Anna Rose MacArthur

News Director

Anna Rose MacArthur catching a four-wheeler ride in Napakiak, Alaska.
Credit Katie Basile / KYUK

Anna Rose MacArthur serves as KYUK's News Director. She got her start reporting at KNOM in Nome, Alaska and then traveled south to report with KRTS in Marfa, Texas. Anna Rose soon missed rural Alaska and returned to join KYUK in 2015. She leads an award-winning newsroom and has launched statewide public radio reporting collaborations. Her journalism has received a Regional Edward R. Murrow Award and statewide awards for coverage on climate change, health, business, education, and mushing. Anna Rose’s favorite stories to tell include a muskox, salmon, or sled dog. Her work has appeared on NPR, 99 Percent Invisible, HowSound, and Transom. She was a 2020 fellow in the Editorial Integrity and Leadership Initiative, a partnership between the CPB and Arizona State University Cronkite School of Journalism. Anna Rose is a Transom Story Workshop alumni.

Caribou roaming near Denali.

Hunting for Mulchatna caribou is closed on both state and federal lands. Game managers hope that the closure will help the herd grow after years of decline.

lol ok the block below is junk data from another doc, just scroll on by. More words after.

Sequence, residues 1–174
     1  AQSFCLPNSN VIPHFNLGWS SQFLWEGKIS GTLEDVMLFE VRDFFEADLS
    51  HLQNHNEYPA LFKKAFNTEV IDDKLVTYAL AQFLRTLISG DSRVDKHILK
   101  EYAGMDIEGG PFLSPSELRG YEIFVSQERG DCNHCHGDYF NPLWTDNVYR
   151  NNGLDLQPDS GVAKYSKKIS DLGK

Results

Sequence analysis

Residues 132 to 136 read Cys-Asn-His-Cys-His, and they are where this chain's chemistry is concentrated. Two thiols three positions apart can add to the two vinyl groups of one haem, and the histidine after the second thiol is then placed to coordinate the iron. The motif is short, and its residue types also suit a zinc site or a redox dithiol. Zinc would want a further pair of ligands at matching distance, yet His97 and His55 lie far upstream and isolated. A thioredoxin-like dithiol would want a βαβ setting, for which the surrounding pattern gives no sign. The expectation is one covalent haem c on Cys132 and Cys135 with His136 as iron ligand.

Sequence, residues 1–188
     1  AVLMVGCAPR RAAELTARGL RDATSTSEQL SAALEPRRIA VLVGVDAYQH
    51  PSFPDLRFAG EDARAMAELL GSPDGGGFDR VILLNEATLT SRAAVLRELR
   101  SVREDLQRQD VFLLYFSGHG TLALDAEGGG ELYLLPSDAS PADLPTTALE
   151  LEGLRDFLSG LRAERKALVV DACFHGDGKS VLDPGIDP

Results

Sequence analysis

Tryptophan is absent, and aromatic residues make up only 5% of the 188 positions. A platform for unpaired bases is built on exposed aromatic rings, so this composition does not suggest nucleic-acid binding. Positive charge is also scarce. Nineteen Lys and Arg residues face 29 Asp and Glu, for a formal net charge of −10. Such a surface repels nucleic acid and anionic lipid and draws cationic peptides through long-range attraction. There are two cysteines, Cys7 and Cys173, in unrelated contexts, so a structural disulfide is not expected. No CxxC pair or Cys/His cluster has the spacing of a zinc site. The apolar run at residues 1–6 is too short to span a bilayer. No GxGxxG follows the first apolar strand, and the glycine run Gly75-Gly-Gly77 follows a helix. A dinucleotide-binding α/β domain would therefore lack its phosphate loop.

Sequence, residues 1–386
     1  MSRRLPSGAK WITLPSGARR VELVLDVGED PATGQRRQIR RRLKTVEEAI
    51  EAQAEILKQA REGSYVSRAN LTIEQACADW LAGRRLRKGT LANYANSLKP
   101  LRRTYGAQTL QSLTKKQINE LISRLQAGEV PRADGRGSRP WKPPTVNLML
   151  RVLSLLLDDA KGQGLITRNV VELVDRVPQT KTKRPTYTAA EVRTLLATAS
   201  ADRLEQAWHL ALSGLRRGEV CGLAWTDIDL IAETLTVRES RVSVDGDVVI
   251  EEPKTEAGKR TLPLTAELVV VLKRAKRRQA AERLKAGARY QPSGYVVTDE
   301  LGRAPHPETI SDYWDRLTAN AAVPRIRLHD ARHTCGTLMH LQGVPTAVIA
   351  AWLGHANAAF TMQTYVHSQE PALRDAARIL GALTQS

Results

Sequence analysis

The Napakiak School fuel storage facility sits 76 feet from the riverbank’s erosion point along the Kuskokwim River on Aug. 16, 2019. The fuel storage facility, owned by the Lower Kuskokwim School District, contains an estimated 36,000 gallons of diesel.
U.S. Coast Guard Sector Anchorage

A teenager was found dead outside the village of Napakiak on Jan. 8. Troopers suspect that Arthur Dull, age 18, died of exposure.

Volunteers search for the body of Peter Sallaffie in an open hole in the Kuskokwim River ice near Tuluksak, AK on Jan. 9, 2021. Sallaffie drowned in the open water on Jan. 1, 2021.

The body of the man pulled from the open hole near Tuluksak has been identified as Joseph Hale of Hooper Bay.

Loren Holmes / ADN

This week, people in the Yukon-Kuskokwim Delta are beginning to receive their second dose of the COVID-19 vaccine. Already over 1,550 people in the region have received their first dose. While many areas of the nation are behind schedule in their COVID-19 vaccinations, the opposite is happening in the Yukon-Kuskokwim Delta.

Loren Holmes / ADN

Beginning Monday, Jan. 11, many more people will be eligible to receive the COVID-19 vaccine across the Yukon-Kuskokwim Delta.

Katie Basile / KYUK

On Jan. 6, two people in the region died from complications with COVID-19. One of the individuals was in their 50s; the other was in their 60s. Also that day, a person with COVID-19 was medevaced out of the region for advanced medical care.

Over 1,500 people in the Yukon-Kuskokwim Delta have received their first dose of the COVID-19 vaccine. Many will receive their second dose this week, while the distribution of inital doses continues. KYUK's Anna Rose MacArthur talks with Yukon-Kuskokwim Health Corporation Chief of Staff Dr. Ellen Hodges on how COVID-19 vaccine distribution is going in the region.